*This article first appeared in the Washington Post on September 26, 2018.
In a recent piece for Washington Post Outlook, Chris Fonzone and Josh Geltzer (from the Georgetown Law Center’s Institute for Constitutional Advocacy and Protection) explained why a legal case that began with a dispute between a Loudoun County supervisor and a constituent may help set a new standard for online interaction nationally:
A legal case that began with a dispute between a member of the Loudoun County Board of Supervisors and a constituent may help to set the rules for how government officials — up to and including President Trump — interact with the public online. A federal appeals court in Richmond will hear the case this week, and, while the stakes of the conflict may seem small at first — one man was banned for a day from an official’s Facebook page — it has potentially enormous First Amendment implications.
The case could establish a precedent that it is unconstitutional for government officials to block comments on their official social media sites because of distaste for a poster’s opinion. If that view becomes settled law, it could end up reshaping how Trump and his aides run his Twitter feed. And, given the ubiquity of online political communication today, such a decision would reverberate across the country.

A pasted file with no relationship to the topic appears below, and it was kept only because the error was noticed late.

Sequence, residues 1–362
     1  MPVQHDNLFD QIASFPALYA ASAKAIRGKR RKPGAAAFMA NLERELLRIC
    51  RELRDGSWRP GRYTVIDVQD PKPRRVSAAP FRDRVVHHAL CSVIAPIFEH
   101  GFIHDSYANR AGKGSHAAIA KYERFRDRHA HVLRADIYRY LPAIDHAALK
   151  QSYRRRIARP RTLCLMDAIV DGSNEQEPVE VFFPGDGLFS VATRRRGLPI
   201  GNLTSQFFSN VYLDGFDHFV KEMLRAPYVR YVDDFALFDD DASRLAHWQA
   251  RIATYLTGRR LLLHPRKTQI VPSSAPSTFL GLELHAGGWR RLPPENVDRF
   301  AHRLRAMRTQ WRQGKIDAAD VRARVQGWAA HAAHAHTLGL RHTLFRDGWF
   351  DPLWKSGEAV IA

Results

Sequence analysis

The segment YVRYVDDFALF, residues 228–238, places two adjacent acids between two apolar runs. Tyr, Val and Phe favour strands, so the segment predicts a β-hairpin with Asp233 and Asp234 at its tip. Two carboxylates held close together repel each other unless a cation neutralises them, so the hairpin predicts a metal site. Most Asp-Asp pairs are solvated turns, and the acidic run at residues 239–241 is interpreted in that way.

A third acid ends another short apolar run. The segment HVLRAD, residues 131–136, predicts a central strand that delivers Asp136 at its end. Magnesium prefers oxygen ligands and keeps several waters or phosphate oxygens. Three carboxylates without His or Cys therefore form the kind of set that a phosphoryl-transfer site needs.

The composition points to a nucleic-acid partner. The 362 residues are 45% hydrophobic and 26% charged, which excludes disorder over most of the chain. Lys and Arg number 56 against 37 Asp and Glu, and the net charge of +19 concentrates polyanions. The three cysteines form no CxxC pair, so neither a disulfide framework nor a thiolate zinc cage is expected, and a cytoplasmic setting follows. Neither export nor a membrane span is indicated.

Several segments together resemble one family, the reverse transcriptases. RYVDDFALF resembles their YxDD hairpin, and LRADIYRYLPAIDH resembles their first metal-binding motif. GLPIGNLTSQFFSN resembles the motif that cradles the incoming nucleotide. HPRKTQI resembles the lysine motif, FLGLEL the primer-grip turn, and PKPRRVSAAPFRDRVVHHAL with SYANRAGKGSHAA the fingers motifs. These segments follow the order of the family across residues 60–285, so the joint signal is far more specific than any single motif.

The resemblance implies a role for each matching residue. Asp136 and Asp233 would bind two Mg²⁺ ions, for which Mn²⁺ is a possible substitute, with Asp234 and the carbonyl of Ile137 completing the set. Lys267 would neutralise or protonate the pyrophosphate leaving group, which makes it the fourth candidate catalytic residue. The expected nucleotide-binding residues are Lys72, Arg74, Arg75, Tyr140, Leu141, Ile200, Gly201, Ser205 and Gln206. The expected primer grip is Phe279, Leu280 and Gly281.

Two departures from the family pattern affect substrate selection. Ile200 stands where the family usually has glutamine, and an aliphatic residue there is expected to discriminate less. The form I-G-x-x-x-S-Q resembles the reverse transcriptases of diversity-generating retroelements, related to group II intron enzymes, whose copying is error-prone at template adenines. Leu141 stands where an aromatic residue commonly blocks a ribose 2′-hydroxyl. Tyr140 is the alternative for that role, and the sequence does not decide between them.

These implications are why we have filed a friend-of-the court brief on behalf of leading First Amendment scholars in the Loudoun County case being argued Wednesday, and it is why the Georgetown University Law Center institute where one of us works previously filed a brief in support of some of the people whom Trump has blocked on Twitter.
The full piece is available here: https://www.washingtonpost.com/outlook/2018/09/26/why-its-unconstitutional-politicians-including-president-block-people-social-media/.